Microsoft Data Shows That The FCC's Broadband Maps Are Fantasy
from the rose-colored-glasses dept
We’ve noted for a very long time that despite a lot of lip service about broadband, the U.S. government still doesn’t have a very good idea of where broadband is or isn’t available. There’s a long line of reasons for this, including political pressure by regional monopolies that very much don’t want a lack of competition or these coverage gaps to be apparent (somebody might get the crazy idea to try and fix the problem!). The FCC has also long been criticized for methodology that declares a census block (which can be hundreds of square miles in rural areas) “served” with broadband if just one home can theoretically get service from an ISP.
After decades of this, the government last year finally took action and passed the DATA Act, which tasks the FCC with fixing the problem. The Biden FCC last February also belatedly announced a “task force” to examine the problem in more detail. But we’re still years away from any of these changes being implemented (assuming they’re even implemented competently), something of cold comfort to those struggling to afford internet access right now during a pandemic and economic crisis.
Meanwhile, the problem persists. The Verge this week utilized data from Microsoft then compared it to FCC and industry data to create a more accurate map of U.S. broadband access. In numerous regions, the disparity is almost comical:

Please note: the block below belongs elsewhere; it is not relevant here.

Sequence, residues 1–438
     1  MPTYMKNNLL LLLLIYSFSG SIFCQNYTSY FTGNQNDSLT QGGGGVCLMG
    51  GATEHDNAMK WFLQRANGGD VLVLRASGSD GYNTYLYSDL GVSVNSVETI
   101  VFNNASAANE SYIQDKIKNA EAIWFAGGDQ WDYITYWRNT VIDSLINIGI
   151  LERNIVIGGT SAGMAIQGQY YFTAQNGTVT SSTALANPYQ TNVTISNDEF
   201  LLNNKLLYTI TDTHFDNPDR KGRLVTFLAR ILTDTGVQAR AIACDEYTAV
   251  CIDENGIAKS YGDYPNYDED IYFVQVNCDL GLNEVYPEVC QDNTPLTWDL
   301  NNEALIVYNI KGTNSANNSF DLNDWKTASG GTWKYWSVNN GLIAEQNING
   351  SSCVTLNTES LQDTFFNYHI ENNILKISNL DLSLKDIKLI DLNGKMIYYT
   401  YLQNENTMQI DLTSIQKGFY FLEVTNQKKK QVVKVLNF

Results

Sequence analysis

“The disparity between FCC reports and the Microsoft data can be shocking. In Lincoln County, Washington, an area west of Spokane with a population just a hair over 10,000, the FCC lists 100 percent broadband availability. But according to Microsoft?s data, only 5 percent of households are actually connecting at broadband speeds.”
Note that even this data isn’t entirely accurate because it’s measuring what speeds are currently being used, not what’s always available. That means users may have access to faster speeds, but potentially didn’t subscribe due to high costs. That in turn is due to a lack of competition, something experts say also isn’t accurately measured by the FCC. But it’s not just Microsoft data that showcases how the FCC’s broadband availability maps aren’t remotely connected to reality.
If you want to see the problem in personalized detail, just spend a little time with the FCC’s $350 million broadband map, which all but hallucinates competitors, availability, and speeds — while excluding (at telecom industry behest) any meaningful measurement of a key metric: price. $350 million is a steep price tag just to look at the world through rose-colored glasses.
Of course, industry has historically opposed broadband mapping reform, because it only highlights a lack of access and competition, driving folks to action. The false progress painted by bad data is also routinely used by telecom-allied lawmakers (like Ajit Pai) to justify the dismantling of government oversight or the rubber stamping of megamergers that reduce competition even further. And while the resulting “digital divide” is often treated as a problem that magically appeared one day, it’s important to remember that this is a policy choice, and the direct result of twenty years of government policies that prioritized the interests of regional monopolies (not coincidentally tethered to our intelligence gathering systems).